5. Views from the other side – So, uh, last week, we mentioned the Forum on Digital Economy that was set to take place in Cameroon this week, little deets and all, objectives and whatnot, but we definitely did not see this GTFOH setup coming: The main conference hall was filled up with men in suits, them corporate folk, while startups – you know, the drivers of the digital economy and all – had to watch proceedings from outside on a flat screen. Hm.
OneMedical is helping hospitals across Nigeria go digital, and is looking for a systems admin to join its amazing team. If you know your way around Docker, PostgreSQL databases, and Linux-based systems, it could be you! Apply here.
What else is happening?
+ Article: Quartz Africa speaks to Bosun Tijani in this article on the future and validity of Yaba as a tech cluster, following the exits of Konga and Yaba in the past 18 months. Bosun Tijani argues there’s an infrastructure problem that CcHub intends to solve with its $8 million innovation center in Yaba which should be operational by 2020. To fix another problem, Mark Essien is also trying to foster the sense of a community in the cluster with Yaba4Tech, a monthly meetup involving founders, developers, investors, and everyone else working within the ecosystem. Link
+ Article: Director of Digital Business at Etisalat Nigeria, Adia Sowho, guest-authored this post on GSMA to share her views and recommendations for local start-ups wanting to work with mobile operators. She thinks risk needs to be shared in these proposed deals, mobile operators need to deviate from rigid decision-making to keep up with the pace of innovation, both parties need to be infused with each other’s culture, and startups need to be able to work on their products based on feedback from the mobile operator. Link.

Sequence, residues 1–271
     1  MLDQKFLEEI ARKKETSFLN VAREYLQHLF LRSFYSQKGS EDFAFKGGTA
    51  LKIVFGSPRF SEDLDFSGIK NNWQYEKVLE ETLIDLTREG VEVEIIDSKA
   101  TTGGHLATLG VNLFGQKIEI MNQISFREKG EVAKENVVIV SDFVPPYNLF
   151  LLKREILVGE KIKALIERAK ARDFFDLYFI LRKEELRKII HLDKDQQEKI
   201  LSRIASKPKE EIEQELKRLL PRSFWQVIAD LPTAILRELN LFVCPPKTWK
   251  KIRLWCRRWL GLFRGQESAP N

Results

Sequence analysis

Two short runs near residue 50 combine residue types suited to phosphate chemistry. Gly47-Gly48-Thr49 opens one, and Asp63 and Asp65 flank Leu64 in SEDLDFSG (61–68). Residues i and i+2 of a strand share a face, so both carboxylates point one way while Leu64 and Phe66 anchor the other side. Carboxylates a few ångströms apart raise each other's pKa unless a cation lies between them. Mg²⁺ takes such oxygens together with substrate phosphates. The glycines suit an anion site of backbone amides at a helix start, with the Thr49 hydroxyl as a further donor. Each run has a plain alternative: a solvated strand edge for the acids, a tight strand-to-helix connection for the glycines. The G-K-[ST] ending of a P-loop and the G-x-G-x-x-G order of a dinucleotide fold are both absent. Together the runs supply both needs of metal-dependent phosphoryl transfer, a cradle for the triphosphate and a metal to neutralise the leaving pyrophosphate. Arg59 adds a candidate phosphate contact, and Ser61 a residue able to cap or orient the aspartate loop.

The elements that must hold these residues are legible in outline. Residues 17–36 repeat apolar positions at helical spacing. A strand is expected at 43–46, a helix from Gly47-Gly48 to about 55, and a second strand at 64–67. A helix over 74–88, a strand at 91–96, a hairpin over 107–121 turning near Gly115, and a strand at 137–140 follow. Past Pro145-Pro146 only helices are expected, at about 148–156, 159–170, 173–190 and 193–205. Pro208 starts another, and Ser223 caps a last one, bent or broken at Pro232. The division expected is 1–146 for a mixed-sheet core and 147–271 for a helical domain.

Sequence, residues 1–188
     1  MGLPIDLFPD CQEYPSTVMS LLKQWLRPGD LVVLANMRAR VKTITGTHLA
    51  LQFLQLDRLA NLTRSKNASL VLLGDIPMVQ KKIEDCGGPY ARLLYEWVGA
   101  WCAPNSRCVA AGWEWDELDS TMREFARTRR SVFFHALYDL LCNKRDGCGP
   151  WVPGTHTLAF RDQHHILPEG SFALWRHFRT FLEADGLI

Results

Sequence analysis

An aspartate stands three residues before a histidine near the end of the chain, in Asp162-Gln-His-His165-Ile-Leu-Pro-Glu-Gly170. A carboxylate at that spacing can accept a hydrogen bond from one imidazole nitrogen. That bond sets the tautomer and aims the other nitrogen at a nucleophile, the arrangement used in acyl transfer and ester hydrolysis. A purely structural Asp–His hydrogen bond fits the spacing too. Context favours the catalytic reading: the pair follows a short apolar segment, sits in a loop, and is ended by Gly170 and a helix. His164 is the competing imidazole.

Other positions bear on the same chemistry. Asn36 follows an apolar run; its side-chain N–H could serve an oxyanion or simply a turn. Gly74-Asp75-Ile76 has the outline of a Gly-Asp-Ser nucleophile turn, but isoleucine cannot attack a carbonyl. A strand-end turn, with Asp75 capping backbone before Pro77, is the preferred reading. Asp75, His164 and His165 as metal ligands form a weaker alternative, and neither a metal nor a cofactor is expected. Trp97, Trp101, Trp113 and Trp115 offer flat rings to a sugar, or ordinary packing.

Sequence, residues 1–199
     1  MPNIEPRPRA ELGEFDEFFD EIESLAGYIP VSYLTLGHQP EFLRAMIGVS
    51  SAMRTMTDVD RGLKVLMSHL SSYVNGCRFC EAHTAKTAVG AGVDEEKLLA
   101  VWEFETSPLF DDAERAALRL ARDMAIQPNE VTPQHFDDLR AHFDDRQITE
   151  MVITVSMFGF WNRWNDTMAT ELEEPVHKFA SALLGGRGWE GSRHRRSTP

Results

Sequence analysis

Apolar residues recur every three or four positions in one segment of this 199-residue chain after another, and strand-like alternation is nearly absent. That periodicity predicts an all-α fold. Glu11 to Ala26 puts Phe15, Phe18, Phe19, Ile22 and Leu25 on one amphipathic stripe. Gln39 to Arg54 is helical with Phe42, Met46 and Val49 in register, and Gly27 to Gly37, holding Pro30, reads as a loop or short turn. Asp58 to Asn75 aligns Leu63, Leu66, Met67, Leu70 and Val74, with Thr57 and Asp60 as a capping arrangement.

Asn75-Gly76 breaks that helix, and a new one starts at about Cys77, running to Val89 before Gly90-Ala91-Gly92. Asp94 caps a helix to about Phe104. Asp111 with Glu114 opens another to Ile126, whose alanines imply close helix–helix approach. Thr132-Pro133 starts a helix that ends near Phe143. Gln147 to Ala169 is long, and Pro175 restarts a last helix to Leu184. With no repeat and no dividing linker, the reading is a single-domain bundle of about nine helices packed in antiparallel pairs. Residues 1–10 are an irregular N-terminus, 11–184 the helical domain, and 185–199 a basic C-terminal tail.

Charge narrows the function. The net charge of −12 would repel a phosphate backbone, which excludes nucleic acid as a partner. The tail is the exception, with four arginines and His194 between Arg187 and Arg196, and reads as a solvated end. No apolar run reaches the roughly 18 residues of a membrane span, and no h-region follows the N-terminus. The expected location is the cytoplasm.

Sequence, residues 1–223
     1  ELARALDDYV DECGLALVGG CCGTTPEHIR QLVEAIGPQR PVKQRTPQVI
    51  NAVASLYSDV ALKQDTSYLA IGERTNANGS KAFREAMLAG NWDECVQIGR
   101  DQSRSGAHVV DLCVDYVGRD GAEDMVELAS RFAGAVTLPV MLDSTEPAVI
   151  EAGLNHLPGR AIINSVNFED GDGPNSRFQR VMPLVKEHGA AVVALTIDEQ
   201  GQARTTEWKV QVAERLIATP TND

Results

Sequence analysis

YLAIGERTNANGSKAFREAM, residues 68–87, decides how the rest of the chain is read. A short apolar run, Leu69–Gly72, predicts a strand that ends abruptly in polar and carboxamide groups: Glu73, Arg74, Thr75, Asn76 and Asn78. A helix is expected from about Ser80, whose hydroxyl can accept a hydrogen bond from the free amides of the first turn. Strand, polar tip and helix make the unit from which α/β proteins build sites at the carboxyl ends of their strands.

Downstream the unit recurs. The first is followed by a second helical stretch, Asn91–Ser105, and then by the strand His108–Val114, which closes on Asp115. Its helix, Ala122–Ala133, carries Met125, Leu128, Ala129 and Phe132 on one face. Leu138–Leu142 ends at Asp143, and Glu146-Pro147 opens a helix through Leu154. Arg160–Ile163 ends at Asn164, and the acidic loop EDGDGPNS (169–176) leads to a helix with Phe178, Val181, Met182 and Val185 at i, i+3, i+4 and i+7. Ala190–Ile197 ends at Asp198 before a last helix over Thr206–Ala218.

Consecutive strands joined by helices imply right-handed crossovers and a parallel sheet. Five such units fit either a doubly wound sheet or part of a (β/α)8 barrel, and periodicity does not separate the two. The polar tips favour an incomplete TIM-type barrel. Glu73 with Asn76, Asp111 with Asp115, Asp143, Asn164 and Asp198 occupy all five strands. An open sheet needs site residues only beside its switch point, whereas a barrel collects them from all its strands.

+ Facebook has selected 60 finalists in the Bots for Messenger Developer Challenge across the Middle East and Africa. Link
+ She Leads Africa has opened applications for its 2017 She Leads Africa Accelerator which will be held in four locations: Abuja, Lagos Mainland, Lagos Island, and Kaduna. Submissions will close on the 25th of June. Link
+ Article: Stears – Winners and Losers in a Cashless Nigeria. It argues that, in a Cashless Nigeria, two winners will emerge, the banking and private payments industries, while one loser emerges – Nigeria’s large unbanked population. Link.
+ If you’re into demographic analysis, like me, this gif shows the aging of Africa between 1960 and 2060 (projected) using a median index to represent the age distribution of each African country’s population, while this one shows the aging of the world.
+ EasyWin Games is Nigeria’s first real-time multiplayer game – it is a mobile experience that allows you to bid virtual coins against friends while playing real-time, and possibly win some airtime in the process. Link
+ Android dev, Moyinoluwa Adeyemi, shares her experience with the Android Developer Nanodegree by Udacity and life afterwards, in line with the Women Techmakers Global Event Series theme. Link
Lagos: Mobile West Africa, May 17th. Link
Lagos: G3 Meetup, May 17th. Link
Lagos: West Africa Mobile Awards, May 18th. Link
Cape Town: Women in Angel Investing,May 18th. Link
Lagos: Hackaday Hardware Meetup, May 20th. Link
Want to see your event in here? Add your event
That’s all, folks!
Thanks for your time.